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    #31

    Re: Diagramming Shakespeare

    Quote Originally Posted by Frank Antonson View Post
    I was thinking that our problem was in terminology. For me there are two kinds (maybe three) of subject complements -- namely a predicate adjective and a predicate nominative. I have this from Harman and House.
    What sentence were you seeing in your mind's eye (-- isn't that a phrase from Hamlet!)
    Linguist Farmer
    Hello LF,

    In my book, there are two types of subject complements:

    - nominal (predicate nominative)
    - adjectival (predicate adjective)

    A copulative verb may also be complemented by an obligatory adverbial.

    What sentence were you seeing in your mind's eye (-- isn't that a phrase from Hamlet!)
    Yes, Hamlet. When I read your comment on 'Romeo' as being a C, I tried to call to my mind the arrangement of the words in the quotation. It was my mistake to have taken semantics aside. I just commented in haste. Mea culpa.

    Last edited by Kondorosi; 18-Dec-2009 at 08:04.

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    #32

    Re: Diagramming Shakespeare

    I'll have to think about that "obligatory adverbial". I don't think I have ever heard of that. What book do you use?
    It occurred to me that one of the joys of diagramming is that one can escape from ALL of the terms necessary to describe the syntax. Those terms are scary to a normal individual, whereas, the diagrams are kind of cool-looking.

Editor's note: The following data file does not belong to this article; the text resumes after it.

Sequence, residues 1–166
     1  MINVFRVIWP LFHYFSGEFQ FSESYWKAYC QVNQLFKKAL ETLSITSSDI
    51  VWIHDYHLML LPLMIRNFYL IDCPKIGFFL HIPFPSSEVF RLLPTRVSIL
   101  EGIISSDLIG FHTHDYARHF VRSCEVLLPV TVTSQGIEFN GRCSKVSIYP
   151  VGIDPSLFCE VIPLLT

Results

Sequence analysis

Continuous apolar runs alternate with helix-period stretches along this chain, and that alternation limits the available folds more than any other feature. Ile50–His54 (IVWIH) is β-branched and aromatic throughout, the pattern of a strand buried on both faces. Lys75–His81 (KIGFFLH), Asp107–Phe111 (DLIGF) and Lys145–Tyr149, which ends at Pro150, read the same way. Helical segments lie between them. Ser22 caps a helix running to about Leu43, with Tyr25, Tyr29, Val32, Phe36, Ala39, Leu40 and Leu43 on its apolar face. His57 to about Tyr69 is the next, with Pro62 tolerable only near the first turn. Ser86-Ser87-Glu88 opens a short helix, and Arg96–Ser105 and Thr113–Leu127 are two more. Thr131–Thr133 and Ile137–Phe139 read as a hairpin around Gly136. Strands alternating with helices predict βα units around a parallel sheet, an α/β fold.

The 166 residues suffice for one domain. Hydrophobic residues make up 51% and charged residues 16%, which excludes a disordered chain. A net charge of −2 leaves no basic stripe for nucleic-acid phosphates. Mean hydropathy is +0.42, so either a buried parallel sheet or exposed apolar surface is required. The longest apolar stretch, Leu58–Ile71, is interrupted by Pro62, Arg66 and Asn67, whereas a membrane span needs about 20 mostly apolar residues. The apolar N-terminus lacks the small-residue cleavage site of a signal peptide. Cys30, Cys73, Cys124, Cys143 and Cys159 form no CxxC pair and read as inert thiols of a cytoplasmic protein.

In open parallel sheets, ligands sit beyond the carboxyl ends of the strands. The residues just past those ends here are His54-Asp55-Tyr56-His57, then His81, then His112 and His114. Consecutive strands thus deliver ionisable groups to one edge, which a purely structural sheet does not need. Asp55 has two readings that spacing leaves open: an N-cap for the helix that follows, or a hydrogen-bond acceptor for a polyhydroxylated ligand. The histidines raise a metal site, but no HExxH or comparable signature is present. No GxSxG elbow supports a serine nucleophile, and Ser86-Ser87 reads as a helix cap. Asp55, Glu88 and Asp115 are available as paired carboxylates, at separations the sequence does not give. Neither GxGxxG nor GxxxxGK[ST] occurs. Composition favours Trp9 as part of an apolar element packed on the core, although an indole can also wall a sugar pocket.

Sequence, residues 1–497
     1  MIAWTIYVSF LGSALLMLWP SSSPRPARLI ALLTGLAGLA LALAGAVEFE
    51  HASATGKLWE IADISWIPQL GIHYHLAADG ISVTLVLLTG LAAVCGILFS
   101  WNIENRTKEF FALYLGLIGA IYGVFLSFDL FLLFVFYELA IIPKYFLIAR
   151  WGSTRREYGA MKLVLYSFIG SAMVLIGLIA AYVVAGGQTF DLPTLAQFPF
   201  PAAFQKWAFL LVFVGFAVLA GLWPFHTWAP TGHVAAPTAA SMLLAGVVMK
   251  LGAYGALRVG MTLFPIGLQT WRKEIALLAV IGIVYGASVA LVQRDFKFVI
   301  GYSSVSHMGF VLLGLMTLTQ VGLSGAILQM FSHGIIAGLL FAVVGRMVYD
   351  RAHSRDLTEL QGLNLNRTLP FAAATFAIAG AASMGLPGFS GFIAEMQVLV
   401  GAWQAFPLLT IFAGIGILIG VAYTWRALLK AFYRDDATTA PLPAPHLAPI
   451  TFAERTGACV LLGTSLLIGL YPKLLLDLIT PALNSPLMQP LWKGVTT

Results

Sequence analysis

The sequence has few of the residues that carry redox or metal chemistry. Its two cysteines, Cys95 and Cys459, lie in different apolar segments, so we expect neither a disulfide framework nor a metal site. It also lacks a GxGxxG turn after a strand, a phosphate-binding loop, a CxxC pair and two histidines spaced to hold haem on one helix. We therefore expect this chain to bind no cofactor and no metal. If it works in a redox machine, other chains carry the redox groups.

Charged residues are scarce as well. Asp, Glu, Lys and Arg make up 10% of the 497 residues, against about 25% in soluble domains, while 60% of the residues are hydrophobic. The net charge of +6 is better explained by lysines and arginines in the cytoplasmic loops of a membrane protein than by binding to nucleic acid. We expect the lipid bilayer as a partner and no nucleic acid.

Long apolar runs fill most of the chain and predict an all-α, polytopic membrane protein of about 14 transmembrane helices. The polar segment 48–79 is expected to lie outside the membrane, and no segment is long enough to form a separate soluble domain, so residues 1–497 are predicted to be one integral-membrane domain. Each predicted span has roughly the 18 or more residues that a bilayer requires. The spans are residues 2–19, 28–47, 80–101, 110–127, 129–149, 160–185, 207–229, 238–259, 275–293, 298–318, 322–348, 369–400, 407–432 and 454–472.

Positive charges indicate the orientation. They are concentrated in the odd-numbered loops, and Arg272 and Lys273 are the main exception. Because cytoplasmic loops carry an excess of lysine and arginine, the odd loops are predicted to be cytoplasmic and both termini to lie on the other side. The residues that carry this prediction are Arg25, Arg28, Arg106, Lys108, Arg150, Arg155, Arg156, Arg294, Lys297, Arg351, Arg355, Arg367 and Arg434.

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    #33

    Re: Diagramming Shakespeare

    Quote Originally Posted by Frank Antonson View Post
    I'll have to think about that "obligatory adverbial". I don't think I have ever heard of that. What book do you use?

    Amazon.com: Hardcover, Longman Grammar of Spoken and Written English (9780582237254): Douglas Biber, Stig Johansson, Geoffrey Leech, Susan Conrad, Edward Finegan: Books

    and

    Amazon.com: A Comprehensive Grammar of the English Language (9780582517349): Randolph Quirk, Sidney Greenbaum, Geoffrey Leech, Jan Svartvik: Books

    They are good in pair because they complement each other. Longman is corpus-based; CGEL is overly technical. The former is a bedside reading compared to the latter. CGEL is horror at parts.

    Quote Originally Posted by Frank Antonson View Post
    It occurred to me that one of the joys of diagramming is that one can escape from ALL of the terms necessary to describe the syntax. Those terms are scary to a normal individual, whereas, the diagrams are kind of cool-looking.
    Both things are scary.

    How would you parse this simple sentence?
    I am here.

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    #34

    Re: Diagramming Shakespeare

    By "parse" if you mean name each part, I would say (if I am speaking in terms of phonology) pronoun, verb, adverd.
    In terms of syntax I would say subject, simple predicate, adverb modifying the simple predicate.
    Is that what you mean?
    Those books of yours are intimidating. I think they present the material way more complicated than it has to be for sentence diagramming.

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    #35

    Re: Diagramming Shakespeare

    adverb


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    #36

    Re: Diagramming Shakespeare

    Quote Originally Posted by Frank Antonson View Post
    By "parse" if you mean name each part, I would say (if I am speaking in terms of phonology) pronoun, verb, adverd.

    These are parts of speech you named. Word classes. The term parse covers analyzing in terms of parts of speech as well as in terms of clause elements (S, V, ..., etc.).

    Quote Originally Posted by Frank Antonson View Post
    In terms of syntax I would say subject, simple predicate, adverb modifying the simple predicate.